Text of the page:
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My 8-year-old taught me to 'just keep swimming'03:29
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When COVID-19 caught up to Cloe Axelson’s family in the final weeks of school -- with second grade field day at stake -- one of her twin daughters reminded her how, even after the past two years, plenty of things are worth fighting for. (Thomas Barwick/Getty Images)
When COVID-19 caught up to Cloe Axelson’s family in the final weeks of school -- with second grade field day at stake -- one of her twin daughters reminded her how, even after the past two years, plenty of things are worth fighting for. (Thomas Barwick/Getty Images)

The last two years have given all of us occasion to get curious about the human condition. How we deal with adversity and isolation. Whether or not we believe in science. I’m lucky — I haven’t lost anyone to COVID — but I’m finding that lingering sadness and anxiety can be hard to outrun these days.

Megan Devine, a grief expert, asked recently: “Do we stay in grief or celebrate our survival?”

The question presents a challenge as old as time: How do we carry two things at once? How do we honor what’s been lost and go on living? How do we love our people and maintain fidelity to ourselves?

When COVID finally came to my house at the end of May, after two years of bobbing and weaving and masking and vaxxing, we felt lucky that it was 2022 and not 2020. A 2020 COVID diagnosis, before vaccines and treatment, was very scary. Our 4-year old daughter was patient zero; she brought it home from pre-school. One of our 8-year old twins got it next. My husband was the third and final person to test positive, and he did fine — he took Paxlovid and was fortunate not to rebound.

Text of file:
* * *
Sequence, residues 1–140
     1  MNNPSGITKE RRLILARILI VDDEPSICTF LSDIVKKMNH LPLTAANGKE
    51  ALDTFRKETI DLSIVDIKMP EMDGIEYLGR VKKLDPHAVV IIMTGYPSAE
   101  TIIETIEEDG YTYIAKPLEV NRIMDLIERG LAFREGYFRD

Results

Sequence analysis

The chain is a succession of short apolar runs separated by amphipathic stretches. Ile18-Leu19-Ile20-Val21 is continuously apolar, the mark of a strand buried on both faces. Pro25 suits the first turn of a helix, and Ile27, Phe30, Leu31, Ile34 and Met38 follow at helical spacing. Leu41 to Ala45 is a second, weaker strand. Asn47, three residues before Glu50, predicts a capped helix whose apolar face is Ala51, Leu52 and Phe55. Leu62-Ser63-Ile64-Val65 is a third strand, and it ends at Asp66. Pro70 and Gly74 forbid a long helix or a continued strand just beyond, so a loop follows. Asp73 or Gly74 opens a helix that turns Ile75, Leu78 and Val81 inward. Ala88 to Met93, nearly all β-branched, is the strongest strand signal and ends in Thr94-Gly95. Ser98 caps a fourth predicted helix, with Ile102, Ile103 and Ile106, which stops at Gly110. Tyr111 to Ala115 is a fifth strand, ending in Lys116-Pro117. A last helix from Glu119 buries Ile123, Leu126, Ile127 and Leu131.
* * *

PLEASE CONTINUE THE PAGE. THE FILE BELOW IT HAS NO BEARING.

Somehow, the other twin and I never got sick. The New York Times ran an insightful piece on this phenomenon of family members remaining COVID-negative in COVID-positive households, but I maintain that we probably have tiger blood.

How do we carry two things at once? How do we honor what’s been lost and go on living?

I know so many people who caught the virus this spring, and so, maybe I should have expected that my little crew would too, and moved on. It’s just that everybody in my house got sick at a particularly uncertain time for our family.

The world keeps spinning — pandemic be damned — so we’ve been navigating some notable life changes lately. Our 13-year-old dog died a few weeks ago. The marriage resulting from a family wedding last year is dissolving. My father-in-law is very ill, and recently moved into a skilled nursing facility. I’ve been navigating some big changes at work. (Far less important yet supremely irritating: our refrigerator and washing machine went kaput in May.) If the last two years have taught me anything, it’s that we have control over very little, and I’ve mostly found peace in this idea. When I think of how much our lives have changed in the last two-plus years, it’s remarkable how we’ve adapted to the once unimaginable.

But amidst all this acceptance I’ve been diligently trying to cultivate, stood one ferociously determined 8-year-old — the one kid who didn’t get COVID. She
immediately declared her own personal war against the coronavirus. She was not getting it — and definitely not getting it during the last 12 days of school. There were parties to attend, softball games to play, and most importantly to her second-grade social calendar: field day.